NEW DELHI: Union Finance Minister Arun Jaitley today termed the attack on journalists at Patiala House Courts as a "terrible exception" and decried the presence of crowds inside court premises which he said creates an "oppressive environment".
He said the courts must remain "detached" and should not be carried by issues or trends of the moment as anything on the contrary would be a threat to free speech and a fair trial.
"It was a terrible exception what happened. Normally people in the public place find media as their natural ally.
The whole idea of getting the media dragged into contemporaneous controversy and then attacking it physically is absolutely unacceptable, anywhere, in courts so more particularly," he said.
Jaitley, who also holds the Information and Broadcasting portfolio, was speaking at the International Press Institute (IPI) India Award For Excellence in Journalism award here.
He stressed that more serious the offence, "stronger" must be the avenues of defence while underlining that "exceptions" like the Patiala House court incident would act as a reminder to keep the media as a detached third party.
"I think the idea of crowds in court is itself not acceptable. The more serious the offence the stronger must be the avenues of defence. And if protests within court premises create an oppressive environment in which bar associations sometimes pass resolution that we won't appear for so and so accused.
"It is not merely a threat to free speech but it also becomes a threat to a free and fair trial because an oppressive environment is created in judicial institutions.
Courts must remain detached. Courts can't be carried by issues of the moment. Courts can't be carried by the trends itself," he said.
Calling upon the conventional media to "stand up", Jaitley said the danger of proliferation of multiple avenues of media was of the "desire" to hog the limelight by doing or saying something "controversial".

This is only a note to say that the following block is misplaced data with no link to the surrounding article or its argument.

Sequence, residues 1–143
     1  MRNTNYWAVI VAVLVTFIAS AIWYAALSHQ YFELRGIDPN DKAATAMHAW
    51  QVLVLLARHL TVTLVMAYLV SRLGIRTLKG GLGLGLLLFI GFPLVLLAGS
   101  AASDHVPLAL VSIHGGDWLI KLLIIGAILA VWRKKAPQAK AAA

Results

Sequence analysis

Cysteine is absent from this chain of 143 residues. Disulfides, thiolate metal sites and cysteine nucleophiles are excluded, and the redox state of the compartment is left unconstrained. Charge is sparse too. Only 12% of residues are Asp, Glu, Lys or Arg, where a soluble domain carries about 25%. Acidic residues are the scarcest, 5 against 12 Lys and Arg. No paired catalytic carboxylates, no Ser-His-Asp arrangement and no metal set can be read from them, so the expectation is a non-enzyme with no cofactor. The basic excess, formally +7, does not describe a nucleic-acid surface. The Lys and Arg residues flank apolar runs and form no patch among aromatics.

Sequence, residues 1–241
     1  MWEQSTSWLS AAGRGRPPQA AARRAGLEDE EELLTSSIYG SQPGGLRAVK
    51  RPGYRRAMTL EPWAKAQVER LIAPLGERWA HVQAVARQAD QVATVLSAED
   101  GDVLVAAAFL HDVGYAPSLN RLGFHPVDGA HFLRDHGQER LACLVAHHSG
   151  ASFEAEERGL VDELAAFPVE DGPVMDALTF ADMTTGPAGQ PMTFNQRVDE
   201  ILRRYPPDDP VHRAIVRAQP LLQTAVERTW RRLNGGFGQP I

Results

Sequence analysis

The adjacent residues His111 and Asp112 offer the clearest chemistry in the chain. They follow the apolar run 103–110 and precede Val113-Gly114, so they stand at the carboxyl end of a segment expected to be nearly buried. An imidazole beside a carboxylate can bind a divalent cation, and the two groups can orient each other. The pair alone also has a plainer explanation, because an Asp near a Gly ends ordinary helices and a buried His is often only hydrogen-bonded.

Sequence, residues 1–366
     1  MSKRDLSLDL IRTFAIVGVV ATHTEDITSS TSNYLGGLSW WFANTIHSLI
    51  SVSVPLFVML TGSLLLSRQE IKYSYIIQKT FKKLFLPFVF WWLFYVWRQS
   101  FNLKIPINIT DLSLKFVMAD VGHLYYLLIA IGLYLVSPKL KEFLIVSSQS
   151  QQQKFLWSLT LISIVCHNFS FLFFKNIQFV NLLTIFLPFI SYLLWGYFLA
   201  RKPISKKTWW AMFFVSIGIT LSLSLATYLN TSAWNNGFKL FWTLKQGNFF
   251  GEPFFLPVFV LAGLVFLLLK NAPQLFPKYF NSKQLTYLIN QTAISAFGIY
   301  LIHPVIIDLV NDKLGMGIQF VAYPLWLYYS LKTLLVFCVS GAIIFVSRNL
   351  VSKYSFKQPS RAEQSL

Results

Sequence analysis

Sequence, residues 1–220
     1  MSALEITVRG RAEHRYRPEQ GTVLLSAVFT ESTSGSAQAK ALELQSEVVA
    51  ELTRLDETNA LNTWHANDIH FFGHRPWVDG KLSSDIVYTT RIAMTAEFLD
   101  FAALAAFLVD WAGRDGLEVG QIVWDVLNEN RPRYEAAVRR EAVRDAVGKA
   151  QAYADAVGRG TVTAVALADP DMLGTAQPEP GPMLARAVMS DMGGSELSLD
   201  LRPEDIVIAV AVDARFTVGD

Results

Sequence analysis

He contended that in a robust democracy, the width of the media is so large that almost every viewpoint finds its mention in some place of the media.
"But one obvious danger of this is its impact on institutions. It's that the desire to be before the floodlights become so large that the tendency to do something or say something which is controversial, which is out of the ordinary increases," he said.
To make his point, the minister cited cases of hardworking legislators who find no reflection of their work in the media, while someone who says something "outlandish" generates buzz.
"For somebody who has done something sensational or said something outlandish obviously it has greater charm on the media because that adds to creating a controversy that the media itself would generate," he said.
On the occasion, M Shajil Kumar of Malayala Manorama was conferred the award for his outstanding work on "endangered tribal communities" who live on the slopes of Western Ghats in Kerala. The award comprises a cash prize of Rs 2 lakh, a trophy and a citation.
The jury, which was headed by former Chief Justice of India A S Anand, unanimously selected Kumar's exclusive report, out of several entries.
The jury included N Ravi, Chairman IPI India chapter and Director, The Hindu; M K Razdan, Editor-in-Chief, the Press Trust of India; and Riyad Mathew, Senior Assistant Editor Malayala Manorama.
Importantly, Jaitley noted that there would be many others like him who "enjoy what happens in the evening" (TV shows) but "I think it is also taking its toll and therefore it is time for conventional media to stand up and strike".
"In campaign journalism it is very difficult to remain a detached third party because now TRPs depend on campaign journalism and not on objective reporting... who participates on which channel depends on the nature of the campaign," he said.
Jaitley observed that conventional definition of news "no longer holds true" and that what makes news is "predominantly what is captured in the camera".